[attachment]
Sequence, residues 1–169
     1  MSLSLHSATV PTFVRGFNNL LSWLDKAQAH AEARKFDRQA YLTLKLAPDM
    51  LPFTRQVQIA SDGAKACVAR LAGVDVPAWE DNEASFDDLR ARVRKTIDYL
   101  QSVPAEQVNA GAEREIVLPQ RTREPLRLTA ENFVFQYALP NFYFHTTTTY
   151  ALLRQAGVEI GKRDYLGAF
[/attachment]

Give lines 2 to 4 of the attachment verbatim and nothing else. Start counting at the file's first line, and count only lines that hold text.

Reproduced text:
     1  MSLSLHSATV PTFVRGFNNL LSWLDKAQAH AEARKFDRQA YLTLKLAPDM
    51  LPFTRQVQIA SDGAKACVAR LAGVDVPAWE DNEASFDDLR ARVRKTIDYL
   101  QSVPAEQVNA GAEREIVLPQ RTREPLRLTA ENFVFQYALP NFYFHTTTTY